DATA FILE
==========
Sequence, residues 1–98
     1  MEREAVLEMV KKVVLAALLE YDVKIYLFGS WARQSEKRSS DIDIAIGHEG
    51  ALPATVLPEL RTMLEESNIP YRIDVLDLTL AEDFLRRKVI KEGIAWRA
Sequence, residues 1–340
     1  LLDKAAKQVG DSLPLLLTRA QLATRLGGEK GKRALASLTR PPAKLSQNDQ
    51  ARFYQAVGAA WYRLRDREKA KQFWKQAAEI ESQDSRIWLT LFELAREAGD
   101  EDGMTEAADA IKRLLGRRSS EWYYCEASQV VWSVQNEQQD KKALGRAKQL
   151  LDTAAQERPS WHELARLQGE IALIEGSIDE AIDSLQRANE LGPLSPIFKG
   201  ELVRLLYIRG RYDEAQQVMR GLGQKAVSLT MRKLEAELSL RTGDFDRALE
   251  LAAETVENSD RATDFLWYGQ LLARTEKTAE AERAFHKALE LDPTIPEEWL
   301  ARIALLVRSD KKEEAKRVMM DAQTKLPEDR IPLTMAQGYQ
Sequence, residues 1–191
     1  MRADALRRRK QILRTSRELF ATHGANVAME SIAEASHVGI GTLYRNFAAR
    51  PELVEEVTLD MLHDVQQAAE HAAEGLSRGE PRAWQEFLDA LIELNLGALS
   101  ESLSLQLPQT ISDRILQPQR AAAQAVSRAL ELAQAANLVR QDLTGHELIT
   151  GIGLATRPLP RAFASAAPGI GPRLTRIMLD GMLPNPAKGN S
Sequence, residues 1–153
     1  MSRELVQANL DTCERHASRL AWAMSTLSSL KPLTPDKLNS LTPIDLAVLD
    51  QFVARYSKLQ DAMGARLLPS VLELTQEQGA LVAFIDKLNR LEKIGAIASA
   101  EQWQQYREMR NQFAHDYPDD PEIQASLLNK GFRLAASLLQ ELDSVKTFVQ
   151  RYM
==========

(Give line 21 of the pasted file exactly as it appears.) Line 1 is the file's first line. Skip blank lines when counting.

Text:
   151  RYM